• Umm ... this game is awesome. Seriously, it's a huge improvement over Metal Slug Advance, and very successfully ports the arcade experience to the handheld. The graphics are a little smushed for this reason, but it's a necessary sacrifice in order to keep the DS's lower resolution hosting the large action occurring on-screen.

  • The controls are super-tight. It might look simple on paper to sufficiently create a comfortable 2D playing experience, but it surprisingly doesn't always turn out that way.

  • Nearly all of the reviews I read complained about the game's length. While the game isn't the 50 hour+ RPG you'll find in other titles, relatively short games were a staple of 2D gaming. The main quest in older titles usually didn't retread the same territory using different objectives or goals to boost replayability (i.e. Super Mario 64's star collection). It was usually just very difficult, and required multiple playthroughs. Even the ultra-tricky Contra 4 is somewhat short once you can get the feel of the entire game. Thankfully, like that masterpiece, Metal Slug 7 features "challenges" to add replayability.

Our Deduction

I've talked at length about it before, but it's still quite a fascinating topic: critics and word of mouth in general can greatly shape our opinions. Is Bomberman Act: Zero really as bad as everyone said it was? Is Gigli really the worst movie ever made? Is Mountain Dew really an awful tasting beverage? I'm not saying that I'd prefer any of those items, but it's interesting how the group mentality can push something from mediocrity or apathy into the territory of universal loathing.

While none of the reviewers completely tore apart the title and most had some positive reactions to it, the score would lead one to believe otherwise. I've often wondered how a standardized 0% - 100% / A - F / 0 stars - 5 stars rating system can be applicable across all games. If a reviewer gives Metal Slug 7 an 70% score, does that mean that 70% of the entire population can enjoy it? 70% of gamers? 70% of fans of action games? 70% of Metal Slug fans? Does it mean that the game could have been 30% better? Does it mean that 30% of the game feels missing or poor?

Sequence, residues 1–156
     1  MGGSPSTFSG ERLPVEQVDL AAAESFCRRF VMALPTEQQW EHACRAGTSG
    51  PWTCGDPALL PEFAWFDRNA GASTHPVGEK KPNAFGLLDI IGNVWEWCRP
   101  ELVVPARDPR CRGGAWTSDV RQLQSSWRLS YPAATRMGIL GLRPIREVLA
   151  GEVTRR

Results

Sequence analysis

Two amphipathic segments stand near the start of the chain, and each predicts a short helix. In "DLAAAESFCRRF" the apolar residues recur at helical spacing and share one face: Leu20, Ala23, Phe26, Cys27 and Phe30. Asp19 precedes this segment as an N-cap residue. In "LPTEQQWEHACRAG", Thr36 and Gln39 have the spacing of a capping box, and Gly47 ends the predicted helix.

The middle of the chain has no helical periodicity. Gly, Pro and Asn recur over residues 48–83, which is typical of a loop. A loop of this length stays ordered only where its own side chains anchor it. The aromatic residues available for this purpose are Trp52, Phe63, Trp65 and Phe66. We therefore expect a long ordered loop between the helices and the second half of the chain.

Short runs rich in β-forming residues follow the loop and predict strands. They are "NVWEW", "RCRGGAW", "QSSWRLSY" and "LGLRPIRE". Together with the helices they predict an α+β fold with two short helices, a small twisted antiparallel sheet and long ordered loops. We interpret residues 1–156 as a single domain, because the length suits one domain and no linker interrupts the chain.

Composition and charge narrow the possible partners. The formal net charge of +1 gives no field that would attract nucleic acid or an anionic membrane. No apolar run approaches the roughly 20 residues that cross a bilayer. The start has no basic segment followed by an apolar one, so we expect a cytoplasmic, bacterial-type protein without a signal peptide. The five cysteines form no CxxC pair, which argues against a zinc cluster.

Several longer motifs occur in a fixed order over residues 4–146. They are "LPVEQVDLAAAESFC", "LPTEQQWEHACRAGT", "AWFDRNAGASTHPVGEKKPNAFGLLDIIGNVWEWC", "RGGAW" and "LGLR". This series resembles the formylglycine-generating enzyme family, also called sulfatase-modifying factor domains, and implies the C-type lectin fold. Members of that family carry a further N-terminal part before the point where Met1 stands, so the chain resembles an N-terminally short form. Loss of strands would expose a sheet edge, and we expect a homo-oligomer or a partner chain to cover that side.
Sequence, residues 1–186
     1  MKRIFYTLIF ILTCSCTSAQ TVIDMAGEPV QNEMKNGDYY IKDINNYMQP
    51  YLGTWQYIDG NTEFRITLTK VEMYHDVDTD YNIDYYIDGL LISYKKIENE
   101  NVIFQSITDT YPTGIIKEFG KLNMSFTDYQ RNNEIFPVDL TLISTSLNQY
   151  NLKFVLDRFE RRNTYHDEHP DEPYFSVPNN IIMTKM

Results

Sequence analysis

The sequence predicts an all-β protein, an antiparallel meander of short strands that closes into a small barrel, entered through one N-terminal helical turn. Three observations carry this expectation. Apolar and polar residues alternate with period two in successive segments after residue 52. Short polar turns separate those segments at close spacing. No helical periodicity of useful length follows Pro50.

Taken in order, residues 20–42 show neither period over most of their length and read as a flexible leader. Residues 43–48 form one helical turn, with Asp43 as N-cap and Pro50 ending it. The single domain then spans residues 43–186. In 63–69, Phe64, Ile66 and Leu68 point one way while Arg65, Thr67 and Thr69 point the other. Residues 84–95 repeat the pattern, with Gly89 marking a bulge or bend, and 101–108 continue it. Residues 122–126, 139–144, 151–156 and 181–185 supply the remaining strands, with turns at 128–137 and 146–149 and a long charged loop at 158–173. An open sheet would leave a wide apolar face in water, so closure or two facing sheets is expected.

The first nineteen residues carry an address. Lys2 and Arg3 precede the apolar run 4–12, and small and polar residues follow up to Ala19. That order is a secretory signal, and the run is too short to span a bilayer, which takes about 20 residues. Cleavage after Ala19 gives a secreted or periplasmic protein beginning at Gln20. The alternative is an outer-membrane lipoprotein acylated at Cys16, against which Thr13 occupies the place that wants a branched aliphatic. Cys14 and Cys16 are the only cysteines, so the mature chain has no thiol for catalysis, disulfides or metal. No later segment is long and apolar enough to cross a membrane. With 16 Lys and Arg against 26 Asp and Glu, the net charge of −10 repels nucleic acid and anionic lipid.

I know I'm reaching a level of cantankerousness, but I question if we truly need an absolute scale with which to judge all games. Are straightforward text reviews not enough? I understand that everyone doesn't always have the time or effort to read through eight pages of an IGN review, but would a simple one sentence summary work better than a mathematical score? Perhaps I'm being too idealist, but I can imagine a world where we don't have the need to be able to atomically pit games against one another.

In gaming, the term shovelware refers to any game in which time and effort were eschewed in favor of turning a quick profit. Bury the Shovelware takes a closer look at these titles, typically those that inhabit the lower end of metascores. It attempts to: 1) find out where and how the developer went wrong 2) identify common traits present in most shovelware 3) measure how long the game can be suffered.